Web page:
different stations which he successively occupied,
not a few appeared to have derived eternal benefit
from his instructions.^

22. After the departure of her husband, Mrs
Chamberlain remained at Monghyr, where she
afforded an edifying instance of the benefit which
may result from the exertions of a Christian woman,
whose heart is devoted to the cause of Christ.
Under her direction, the three native itinerants
persevered in their labours. The services of the
mission chapel and the superintendence of its six
schools proceeded with regularity ; three Hindoo
women, who ascribed their serious impressions to
Mr Chamberlain's ministry, proposed themselves
for baptism ; and on the whole the prospect of the
station was such as to induce the Society to take
immediate measures to provide it with another mis-

23. Accordingly, one, a Mr Leslie, was set apart
for Monghyr. He sailed soon after his appoint-
ment, and arrived in 1824. He found the state of
the church and schools highly encouraging ; and
having studied Hindostanee on the voyage, he was
enabled to begin addressing the natives about six
months after his arrival. Such, in a word, were
the hopeful appearances presented to him, that at
the close of the year he remarked, '' Keligion ap-

^ See a Memoir of Mr Chamberlain by Mr Yates. Also the
tribute to his memory in the Baptist Society's Report for 1822.
The Missionary Records, 154-157.


pears to be spreading among the natives in a way
that both astonishes and dehghts us."

The favourable anticipations hereby awakened
were soon, in a measure, reaUsed. In the follow-
ing year nine members were added to the congre-
gation, some of whom formed striking instances of
the power of Divine grace in renewing those who
seemed the least likely to yield to its influence.
There were thirteen schools now in operation, the
number having been increased at the request of
Mahomedan parents, who at last consented to allow
their children to read those Christian books, the
use of which heretofore was an effectual bar to their
entering the schools. An alteration equally favour-
able took place in the general conduct of the native
population. The readers who itinerated among
them were heard with serious attention, instead of
the vulgar abuse which they had formerly received.
The congregation was increased, at the close of
1826, to thirty-five members, but it is not stated
what proportion of this number were natives. The
schools continued to prosper ; and there was reason
to hope that, under the Divine blessing, the mission
work at Monghyr, and in its neighbourhood, would
still grow and prevail.

24. Digali. — Messrs Moore and Rowe continued Remark^
to occupy this post, and to labour with acceptance versionsat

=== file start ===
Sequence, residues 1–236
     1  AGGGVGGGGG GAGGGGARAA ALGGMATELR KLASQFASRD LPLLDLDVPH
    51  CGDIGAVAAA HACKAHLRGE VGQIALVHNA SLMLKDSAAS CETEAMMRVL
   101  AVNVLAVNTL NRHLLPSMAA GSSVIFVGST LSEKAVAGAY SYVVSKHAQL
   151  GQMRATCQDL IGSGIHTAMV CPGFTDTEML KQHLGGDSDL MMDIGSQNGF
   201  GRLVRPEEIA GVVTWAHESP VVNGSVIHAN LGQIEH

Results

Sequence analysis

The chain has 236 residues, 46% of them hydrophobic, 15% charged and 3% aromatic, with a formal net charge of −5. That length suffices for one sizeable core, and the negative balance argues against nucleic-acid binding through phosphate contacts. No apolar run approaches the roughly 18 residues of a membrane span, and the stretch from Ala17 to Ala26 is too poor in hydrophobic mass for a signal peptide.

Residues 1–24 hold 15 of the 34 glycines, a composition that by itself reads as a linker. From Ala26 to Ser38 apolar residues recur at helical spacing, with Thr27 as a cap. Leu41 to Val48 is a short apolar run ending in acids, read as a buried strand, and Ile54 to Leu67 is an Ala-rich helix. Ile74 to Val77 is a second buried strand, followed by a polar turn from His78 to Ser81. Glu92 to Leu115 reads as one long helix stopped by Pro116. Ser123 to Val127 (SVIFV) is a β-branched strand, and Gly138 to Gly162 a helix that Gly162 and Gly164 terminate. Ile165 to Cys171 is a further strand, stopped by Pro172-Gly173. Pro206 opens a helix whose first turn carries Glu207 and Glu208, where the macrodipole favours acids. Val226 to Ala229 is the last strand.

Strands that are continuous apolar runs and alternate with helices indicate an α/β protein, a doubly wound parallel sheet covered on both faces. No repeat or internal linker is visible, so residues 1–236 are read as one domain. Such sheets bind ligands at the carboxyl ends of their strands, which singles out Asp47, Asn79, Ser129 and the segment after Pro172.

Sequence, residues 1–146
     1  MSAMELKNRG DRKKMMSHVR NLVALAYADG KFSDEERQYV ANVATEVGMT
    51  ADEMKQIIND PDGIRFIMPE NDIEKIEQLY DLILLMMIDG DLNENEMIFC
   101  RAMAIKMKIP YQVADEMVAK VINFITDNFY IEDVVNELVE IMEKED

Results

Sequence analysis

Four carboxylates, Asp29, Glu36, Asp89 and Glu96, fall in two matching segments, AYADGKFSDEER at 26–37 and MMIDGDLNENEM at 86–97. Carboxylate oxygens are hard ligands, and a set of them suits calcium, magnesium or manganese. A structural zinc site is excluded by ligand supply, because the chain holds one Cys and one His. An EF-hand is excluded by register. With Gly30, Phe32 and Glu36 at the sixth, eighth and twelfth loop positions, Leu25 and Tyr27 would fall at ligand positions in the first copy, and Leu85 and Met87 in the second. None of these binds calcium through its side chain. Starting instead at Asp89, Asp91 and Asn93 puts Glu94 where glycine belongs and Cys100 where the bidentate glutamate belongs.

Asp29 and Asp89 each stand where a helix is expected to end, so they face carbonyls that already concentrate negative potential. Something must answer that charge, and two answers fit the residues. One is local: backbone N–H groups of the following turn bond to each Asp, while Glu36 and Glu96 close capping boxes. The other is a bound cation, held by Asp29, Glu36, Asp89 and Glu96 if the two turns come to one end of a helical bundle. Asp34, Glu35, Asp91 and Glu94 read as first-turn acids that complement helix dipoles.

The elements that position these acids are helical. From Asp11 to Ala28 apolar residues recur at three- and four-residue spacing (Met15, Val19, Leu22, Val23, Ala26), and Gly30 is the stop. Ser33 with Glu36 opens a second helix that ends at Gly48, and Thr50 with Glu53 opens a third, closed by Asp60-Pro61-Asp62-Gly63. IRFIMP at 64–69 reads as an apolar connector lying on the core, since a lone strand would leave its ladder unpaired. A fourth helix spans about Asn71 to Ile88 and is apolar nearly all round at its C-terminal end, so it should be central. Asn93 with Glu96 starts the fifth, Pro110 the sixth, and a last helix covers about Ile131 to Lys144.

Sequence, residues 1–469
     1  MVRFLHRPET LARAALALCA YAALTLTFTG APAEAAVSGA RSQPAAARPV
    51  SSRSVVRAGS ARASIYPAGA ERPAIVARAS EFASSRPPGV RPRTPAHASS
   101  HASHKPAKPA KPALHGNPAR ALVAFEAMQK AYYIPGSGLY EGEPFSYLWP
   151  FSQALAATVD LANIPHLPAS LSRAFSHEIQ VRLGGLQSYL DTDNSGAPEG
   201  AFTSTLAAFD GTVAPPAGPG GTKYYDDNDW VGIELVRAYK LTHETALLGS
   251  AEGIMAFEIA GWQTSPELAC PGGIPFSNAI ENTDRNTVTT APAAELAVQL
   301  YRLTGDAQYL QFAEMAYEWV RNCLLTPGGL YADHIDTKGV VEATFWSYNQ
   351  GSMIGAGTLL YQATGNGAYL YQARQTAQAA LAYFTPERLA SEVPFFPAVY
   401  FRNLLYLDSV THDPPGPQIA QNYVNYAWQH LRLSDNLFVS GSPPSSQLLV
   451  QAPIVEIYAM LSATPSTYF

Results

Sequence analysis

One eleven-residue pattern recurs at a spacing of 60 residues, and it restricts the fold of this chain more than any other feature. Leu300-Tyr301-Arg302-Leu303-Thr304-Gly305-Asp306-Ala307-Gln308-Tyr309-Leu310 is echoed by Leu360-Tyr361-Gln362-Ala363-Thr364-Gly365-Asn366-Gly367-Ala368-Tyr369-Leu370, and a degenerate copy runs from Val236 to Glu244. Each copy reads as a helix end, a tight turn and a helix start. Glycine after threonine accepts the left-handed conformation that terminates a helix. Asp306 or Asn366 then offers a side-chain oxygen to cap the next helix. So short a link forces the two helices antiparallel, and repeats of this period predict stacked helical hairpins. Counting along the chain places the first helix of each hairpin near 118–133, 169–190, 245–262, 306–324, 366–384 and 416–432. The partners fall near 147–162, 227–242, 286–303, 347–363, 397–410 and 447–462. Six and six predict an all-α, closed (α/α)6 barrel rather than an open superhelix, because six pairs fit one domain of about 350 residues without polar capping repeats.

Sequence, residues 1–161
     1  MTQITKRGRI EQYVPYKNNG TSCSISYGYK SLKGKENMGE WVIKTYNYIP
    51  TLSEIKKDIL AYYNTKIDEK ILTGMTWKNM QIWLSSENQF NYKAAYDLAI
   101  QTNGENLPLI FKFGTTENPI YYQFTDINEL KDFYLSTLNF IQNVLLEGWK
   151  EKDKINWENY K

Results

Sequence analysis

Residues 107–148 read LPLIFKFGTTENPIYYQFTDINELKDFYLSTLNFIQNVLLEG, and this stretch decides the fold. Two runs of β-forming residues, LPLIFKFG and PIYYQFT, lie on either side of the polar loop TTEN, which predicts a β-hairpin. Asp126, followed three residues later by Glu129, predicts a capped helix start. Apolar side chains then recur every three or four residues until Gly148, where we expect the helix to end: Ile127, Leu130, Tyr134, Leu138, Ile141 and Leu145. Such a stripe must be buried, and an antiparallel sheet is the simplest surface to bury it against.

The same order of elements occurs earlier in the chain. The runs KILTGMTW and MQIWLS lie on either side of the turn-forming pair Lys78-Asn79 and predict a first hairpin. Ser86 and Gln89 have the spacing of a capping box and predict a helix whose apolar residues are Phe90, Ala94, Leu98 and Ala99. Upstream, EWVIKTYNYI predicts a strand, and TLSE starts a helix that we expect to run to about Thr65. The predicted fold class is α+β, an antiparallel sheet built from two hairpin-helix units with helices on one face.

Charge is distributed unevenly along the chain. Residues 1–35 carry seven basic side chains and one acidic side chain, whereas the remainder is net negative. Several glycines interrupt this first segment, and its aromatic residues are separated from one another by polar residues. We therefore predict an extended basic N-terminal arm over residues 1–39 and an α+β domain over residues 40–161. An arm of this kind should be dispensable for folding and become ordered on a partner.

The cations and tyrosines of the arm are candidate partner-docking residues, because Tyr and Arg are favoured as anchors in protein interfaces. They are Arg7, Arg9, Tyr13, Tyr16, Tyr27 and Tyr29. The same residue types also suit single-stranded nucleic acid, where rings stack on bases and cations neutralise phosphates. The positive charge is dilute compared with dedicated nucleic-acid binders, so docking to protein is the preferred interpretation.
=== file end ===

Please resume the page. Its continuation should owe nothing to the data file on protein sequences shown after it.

among the troops at Dinapore. In 1819, they pro- i>jgaii.
cured the discharge from the army of a religious
yo:::ng man, named Stewart, who assisted Mr Rowe
in his school, and made such progress in Hindos-
tanee as to encourage the hope of his becoming a
useful labourer among the heathen of this province.
But in the following year God was pleased to nip
this hope in the bud by removing him to his rest.
The two native assistants met with little success
among their countrymen ; though the testimony
borne to the truth of the Gospel by several who


CHAP, died before they were baptized, shewed that the
^^' labour bestowed upon the heathen was not lost.
Several inquirers excited attention, and Mr Kowe
mentions one, in the service of a native rajah resid-
ing in a bungalow belonging to the Society, who
read the Hindostanee Testament, and acknowledged
that every line carried conviction home to his heart.
At another time he said, ^^ I have read the Shasters
and the Koran, they contain a great deal of unrea-
sonable stuff; but," putting his hand on the New
Testament, he emphatically exclaimed, '^ This is
truth !" This man was accustomed to collect four
or ^ye others around him, and read the Gospel to
them. At first he met with much ridicule, and
afterwards persecution from the Brahmins and
others in the rajah's service, which he endured with
so much patience, that the missionaries were in-
duced to think that his mind had undergone the
change which he avowed . The rajah having quitted
Digali, this man was separated from his instructor.
He, however, took his Testament with him, though
his enemies declared that he should never see his
relations unless he renounced his new sentiments,
or promised that he would never make them kno^\^Ll .
'^ Thus," said Mr Rowe, '^ the Gospel may make its
way into the hearts of some, where they have no
living preacher."

The missionary mentions a yet more interesting
case of an individual who died at this station in
1822. His name was Ram Kisoon, from the city
of Lucknow, where for years he had been endea-
vouring to impart to his countrymen the truths he
had learned on a previous visit to Digah. Re-
moving at length to this place, he proposed himself
as a candidate for baptism ; but previous to its
administration he was attacked by cholera morbus,
which carried him off in a few hours. His dying
prayer was this : — " Lord, I am a great sinner.


Save me from wrath. Thou art gracious, thou art
able. None but thee, Lord Jesus Christ. Save
me from destruction. Save me from the power of
sin and Satan." Seeing his wife and some of his
children weeping, he said to them, ''Forbear to
weep, for I am going to my Lord and Saviour ;"
and shortly after he expired. May we not say of
such a one, though unbaptized, ''Is not this a
brand plucked out of the fire ?" (Zech. iii. 2.)

25. Not long after this, Mr Rowe baptized five V'^ "'If-
converts ; but while the prospect was thus bright- dS— ^
ening before him, he was called to rest. He died ^^[^'■^J'^J
in October 1823, after nearly twenty years of active
service in India. As Mr Moore had previously left
Digah, the care of the station devolved on Mrs
Rowe, who had been eminently useful in the school
department, and was very competent to counsel
and direct the native teachers. The schools
flourished under her care, and were soon increased